Commit 95b8e073 authored by Davis McCarthy's avatar Davis McCarthy
Browse files

Updating DE, imputation and projection chapters

parent 52831f27
Pipeline #956 passed with stage
in 8 seconds
......@@ -4,7 +4,7 @@ output: html_document
---
```{r setup, echo=FALSE}
knitr::opts_chunk$set(out.width='90%', fig.align = 'center', eval=FALSE)
knitr::opts_chunk$set(out.width='90%', fig.align = 'center', eval=TRUE, message=FALSE, warning=FALSE)
knitr::opts_knit$set(root.dir = normalizePath(".."))
```
......@@ -13,7 +13,7 @@ knitr::opts_knit$set(root.dir = normalizePath(".."))
```{r, echo=TRUE, message=FALSE, warning=FALSE}
library(scRNA.seq.funcs)
library(edgeR)
library(monocle)
library(limma)
library(MAST)
library(ROCR)
set.seed(1)
......@@ -21,10 +21,13 @@ set.seed(1)
### Introduction
To test different single-cell differential expression methods we will be using the Blischak dataset from Chapters 7-17.
For this experiment bulk RNA-seq data for each cell-line was generated in addition to single-cell data. We will use the
differentially expressed genes identified using standard methods on the respective bulk data as the ground truth for evaluating the
accuracy of each single-cell method. To save time we have pre-computed these for you. You can run the commands below to load these data.
To test different single-cell differential expression methods we will be using
the Blischak dataset from Chapters 7-17. For this experiment bulk RNA-seq data
for each cell-line was generated in addition to single-cell data. We will use
the differentially expressed genes identified using standard methods on the
respective bulk data as the ground truth for evaluating the accuracy of each
single-cell method. To save time we have pre-computed these for you. You can run
the commands below to load these data.
```{r}
DE <- read.table("data/tung/TPs.txt")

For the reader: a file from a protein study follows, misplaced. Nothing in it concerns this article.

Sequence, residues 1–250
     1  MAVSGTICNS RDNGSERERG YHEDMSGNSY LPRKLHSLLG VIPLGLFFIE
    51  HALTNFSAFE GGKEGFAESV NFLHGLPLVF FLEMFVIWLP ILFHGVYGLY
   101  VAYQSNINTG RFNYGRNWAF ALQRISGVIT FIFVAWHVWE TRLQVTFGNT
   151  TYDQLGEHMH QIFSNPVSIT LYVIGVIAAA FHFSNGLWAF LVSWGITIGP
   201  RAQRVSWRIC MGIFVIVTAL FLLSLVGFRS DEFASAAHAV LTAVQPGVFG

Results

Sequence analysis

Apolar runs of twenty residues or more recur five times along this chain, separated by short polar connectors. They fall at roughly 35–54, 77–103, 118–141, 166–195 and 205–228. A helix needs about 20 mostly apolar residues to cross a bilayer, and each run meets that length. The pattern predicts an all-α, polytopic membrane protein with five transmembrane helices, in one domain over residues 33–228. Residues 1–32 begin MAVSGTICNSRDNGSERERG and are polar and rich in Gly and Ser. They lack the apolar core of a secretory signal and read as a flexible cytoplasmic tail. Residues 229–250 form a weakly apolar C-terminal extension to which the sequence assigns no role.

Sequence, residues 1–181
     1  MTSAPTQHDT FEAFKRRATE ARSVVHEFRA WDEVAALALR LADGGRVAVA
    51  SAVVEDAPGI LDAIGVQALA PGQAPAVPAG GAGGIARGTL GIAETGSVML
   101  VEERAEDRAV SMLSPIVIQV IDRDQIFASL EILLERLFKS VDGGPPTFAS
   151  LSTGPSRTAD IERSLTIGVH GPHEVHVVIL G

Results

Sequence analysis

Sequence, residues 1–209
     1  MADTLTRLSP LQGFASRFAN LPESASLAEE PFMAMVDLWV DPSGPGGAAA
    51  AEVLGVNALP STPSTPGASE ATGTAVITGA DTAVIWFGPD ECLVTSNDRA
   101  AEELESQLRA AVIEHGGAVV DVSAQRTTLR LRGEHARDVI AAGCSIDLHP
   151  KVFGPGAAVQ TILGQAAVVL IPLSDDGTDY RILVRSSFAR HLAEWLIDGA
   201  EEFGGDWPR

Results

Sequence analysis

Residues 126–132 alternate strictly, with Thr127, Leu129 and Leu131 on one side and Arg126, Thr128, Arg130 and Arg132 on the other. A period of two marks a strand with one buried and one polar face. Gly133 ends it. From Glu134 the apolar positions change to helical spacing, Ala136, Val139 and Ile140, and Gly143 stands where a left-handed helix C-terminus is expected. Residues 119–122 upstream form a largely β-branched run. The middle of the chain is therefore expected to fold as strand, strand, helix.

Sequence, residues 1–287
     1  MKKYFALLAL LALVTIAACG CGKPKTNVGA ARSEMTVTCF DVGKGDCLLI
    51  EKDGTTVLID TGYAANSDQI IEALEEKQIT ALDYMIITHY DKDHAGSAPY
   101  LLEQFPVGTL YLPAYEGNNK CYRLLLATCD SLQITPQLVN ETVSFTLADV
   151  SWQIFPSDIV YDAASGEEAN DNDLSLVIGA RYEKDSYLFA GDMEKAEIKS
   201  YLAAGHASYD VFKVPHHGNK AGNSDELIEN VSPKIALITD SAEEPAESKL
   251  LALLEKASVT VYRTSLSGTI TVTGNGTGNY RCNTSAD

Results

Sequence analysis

......@@ -35,7 +38,8 @@ GroundTruth <- list(
)
```
This ground truth has been produce for the comparison of individual NA19101 to NA19239. Now load the respective single-cell data:
This ground truth has been produce for the comparison of individual NA19101 to
NA19239. Now load the respective single-cell data:
```{r}
molecules <- read.table("data/tung/molecules.txt", sep = "\t")
......@@ -46,17 +50,19 @@ group <- anno[keep,1]
batch <- anno[keep,4]
# remove genes that aren't expressed in at least 6 cells
gkeep <- rowSums(data > 0) > 5;
counts <- data[gkeep,]
counts_mat <- as.matrix(data[gkeep,])
# Library size normalization
lib_size = colSums(counts)
norm <- t(t(counts)/lib_size * median(lib_size))
lib_size <- colSums(counts_mat)
norm <- t(t(counts_mat)/lib_size * median(lib_size))
# Variant of CPM for datasets with library sizes of fewer than 1 mil molecules
```
Now we will compare various single-cell DE methods. We will focus on methods
that performed well in Soneson and Robinson's [2019; CITE] detailed comparison
of differential expression methods for single-cell data. Note that we will only
be running methods which are available as R-packages and run relatively quickly.
that performed well in Soneson and Robinson's [@Soneson2018-hy] detailed
comparison of differential expression methods for single-cell data. Note that we
will only be running methods which are available as R-packages and run
relatively quickly.
### Kolmogorov-Smirnov test
......@@ -103,10 +109,14 @@ length(sigDE)
sum(GroundTruth$DE %in% sigDE)
# Number of KS-DE genes that are true DE genes
sum(GroundTruth$notDE %in% sigDE)
# Number of KS-DE genes that are truly not-DE
# Number of KS-DE genes that are truly not-DE
```
As you can see many more of our ground truth negative genes were identified as DE by the KS-test (false positives) than ground truth positive genes (true positives), however this may be due to the larger number of notDE genes thus we typically normalize these counts as the True positive rate (TPR), TP/(TP + FN), and False positive rate (FPR), FP/(FP+TP).
As you can see many more of our ground truth negative genes were identified as
DE by the KS-test (false positives) than ground truth positive genes (true
positives), however this may be due to the larger number of notDE genes thus we
typically normalize these counts as the True positive rate (TPR), TP/(TP + FN),
and false discovery rate (FPR), FP/(FP+TP).
```{r}
tp <- sum(GroundTruth$DE %in% sigDE)
......@@ -114,12 +124,18 @@ fp <- sum(GroundTruth$notDE %in% sigDE)
tn <- sum(GroundTruth$notDE %in% names(pVals)[pVals >= 0.05])
fn <- sum(GroundTruth$DE %in% names(pVals)[pVals >= 0.05])
tpr <- tp/(tp + fn)
fpr <- fp/(fp + tn)
cat(c(tpr, fpr))
fdr <- fp/(fp + tp)
cat(c(tpr, fdr), "\n")
```
Now we can see the TPR is much higher than the FPR indicating the KS test is identifying DE genes.
So far we've only evaluated the performance at a single significance threshold. Often it is informative to vary the threshold and evaluate performance across a range of values. This is then plotted as a receiver-operating-characteristic curve (ROC) and a general accuracy statistic can be calculated as the area under this curve (AUC). We will use the ROCR package to facilitate this plotting.